The transition to a sustainable society: a new social contract
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This paper explores issues that are central to ecological economics. In spite of a substantial body of research and other literature that has appeared in recent decades on transition, and countless other efforts, no progress has been made to halt the increase in global warming, global emissions, rampant population growth, or several hundred other critical planet sustainability indicators including global species extinction. The opposite is true. Consumption has escalated and it is poised to double and, with it, planetary decay has followed closely. The aim of this work is to introduce a pragmatic solution and the economics mechanisms solidly rooted in science, in the laws of conservation of mass and energy, and in environmental and ecological sustainability that are necessary to overcome the tremendous forces of social, political, and economic resistance to major change. To advance towards a sustainable civilization, adopting a holistic approach with those underlying principles in all aspects of human activity, among others economy, finance, industry, commerce, engineering, politics, architecture, and education, is both lacking and fundamentally required. A short review of the state-of-the-art of the science on the critical status of the planet’s resources and its life-supporting systems is presented, as well as a brief catalog of the seminal works of the science that gave rise to its metrics and established early on the groundwork for the understanding of the degree of sustainability of the planet. We present the argument why past and current schemes of human economics, organization, culture, and politics cannot achieve anything else, but complete and utter failure under their own underlying precepts. A rigorous and disciplined process on how to overcome and avoid the precipitous decline and collapse of the environmental and planetary biosystems on which all life depends, including human life, and a new view towards the world and the universe we all have no choice but to live in, are also offered.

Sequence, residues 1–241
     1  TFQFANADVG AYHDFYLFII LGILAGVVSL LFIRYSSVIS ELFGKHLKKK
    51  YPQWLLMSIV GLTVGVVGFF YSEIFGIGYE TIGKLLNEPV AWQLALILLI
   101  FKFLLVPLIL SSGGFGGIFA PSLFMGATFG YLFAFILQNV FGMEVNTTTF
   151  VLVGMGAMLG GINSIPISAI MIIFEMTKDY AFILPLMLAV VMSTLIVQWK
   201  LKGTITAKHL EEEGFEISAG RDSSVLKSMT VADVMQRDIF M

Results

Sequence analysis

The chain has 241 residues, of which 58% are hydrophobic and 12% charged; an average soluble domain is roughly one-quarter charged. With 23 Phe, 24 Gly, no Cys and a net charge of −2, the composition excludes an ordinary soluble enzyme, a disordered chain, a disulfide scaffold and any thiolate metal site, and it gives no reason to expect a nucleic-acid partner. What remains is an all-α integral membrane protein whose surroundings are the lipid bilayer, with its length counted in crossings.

KeywordsSustainability Economy Transition Sustainable societies
The author wishes to thank and express his appreciation to Prof. Dr. David Pimentel, College of Agriculture and Life Sciences at Cornell University, to Prof. Dr. Evaggelos Vallianatos, formerly with the US Office of Technology Assessment, the U.S. Environmental Protection Agency (EPA), and the University of Maryland, and the two anonymous reviewers for revising the manuscript, all for their many helpful insights, corrections, criticism, encouraging comments, and suggestions.
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